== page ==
The Corsican Caper
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When billionaire Francis Reboul finds himself on the wrong side of a Russian tycoon, he’s fortunate to have vacationing friends Sam Levitt and Elena Morales on hand to help him out. Now it’s up to Sam—who’s saved Reboul’s neck before—to negotiate with an underworld of mercenaries, hit men, and Mafioso, to prevent his friend from becoming a victim of “Russian diplomacy.” As usual, Sam and Elena still find time to enjoy the good life, but as Sam’s sleuthing draws him closer to the truth, he realizes Reboul might not be the only one in trouble. Rich with clever twists, sparkling scenery, and mouthwatering gustatory interludes as only Peter Mayle can write them, The Corsican Caper is an adventure par excellence.
provided by the customers. The tables and chairs were plain and functional, the tablecloths were paper, the wineglasses were sturdy tumblers. “My kind of place,” said Sam. “I’m sure a lot of these people are regulars—they all seem to know each other.” Elena poured their wine from a glazed jug, beaded with moisture. “I haven’t heard anyone speaking English,” she said. “Do you get the feeling we’re the only foreigners here?” Sam was nodding as he looked up from the menu. “This is definitely my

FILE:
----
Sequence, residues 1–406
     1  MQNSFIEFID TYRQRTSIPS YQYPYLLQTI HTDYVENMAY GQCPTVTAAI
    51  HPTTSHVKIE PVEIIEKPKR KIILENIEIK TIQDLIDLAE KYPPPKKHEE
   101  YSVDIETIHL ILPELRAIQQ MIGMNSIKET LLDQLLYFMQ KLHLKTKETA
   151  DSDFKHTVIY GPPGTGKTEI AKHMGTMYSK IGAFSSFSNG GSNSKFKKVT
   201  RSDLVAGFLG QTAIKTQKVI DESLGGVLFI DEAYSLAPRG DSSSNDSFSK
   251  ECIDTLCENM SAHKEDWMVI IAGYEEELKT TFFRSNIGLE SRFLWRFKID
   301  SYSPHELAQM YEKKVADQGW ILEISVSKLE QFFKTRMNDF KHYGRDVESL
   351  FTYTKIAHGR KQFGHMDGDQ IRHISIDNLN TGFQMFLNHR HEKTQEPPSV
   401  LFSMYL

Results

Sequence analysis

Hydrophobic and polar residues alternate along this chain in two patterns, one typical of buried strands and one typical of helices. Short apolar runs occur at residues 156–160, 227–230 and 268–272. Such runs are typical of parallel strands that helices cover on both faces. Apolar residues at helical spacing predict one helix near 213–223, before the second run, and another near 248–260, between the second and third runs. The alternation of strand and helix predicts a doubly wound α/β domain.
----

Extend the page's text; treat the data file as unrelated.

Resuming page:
the signal for congratulations and enthusiastic embraces. Reboul proposed a toast. Sam proposed a toast. Each of the Figatelli brothers proposed a toast. They floated into dinner on a tide of Champagne. When they were all seated, Reboul tapped his wineglass for silence. “Welcome, my friends, welcome to Marseille. It is truly a pleasure to see you all, this time under more relaxed circumstances.” He looked around the table, nodding at the smiling faces, before assuming a serious expression. “Now
merest dusting of Camargue salt.” He took a sip of the Champagne that Reboul had passed to him before moving on to the next course. “We remain with the saints, and with the appetite now on the qui vive, we have a filet de Saint-Pierre, with asparagus tips and a lemon emulsion, made, naturellement, with the finest Corsican lemons.” Another nod and a beam to the Figatellis. “To follow, braised rump of Corsican veal, with a fricassée of new potatoes and carrots and an infused jus of savory. This
French insist is so beneficial for le transit intestinal, followed by a large bowl of café crème and a croissant of such exquisite lightness that it threatened to float off the plate.” How does Mayle use the novel’s opening sentence to set up Francis’s character? 2. Compare that introduction to our first glimpse of Reboul’s nemesis: “On board the yacht, Oleg Vronsky—Oli to his friends and numerous hangers-on, and ‘The Barracuda’ to the international business press—turned to Natasha, the
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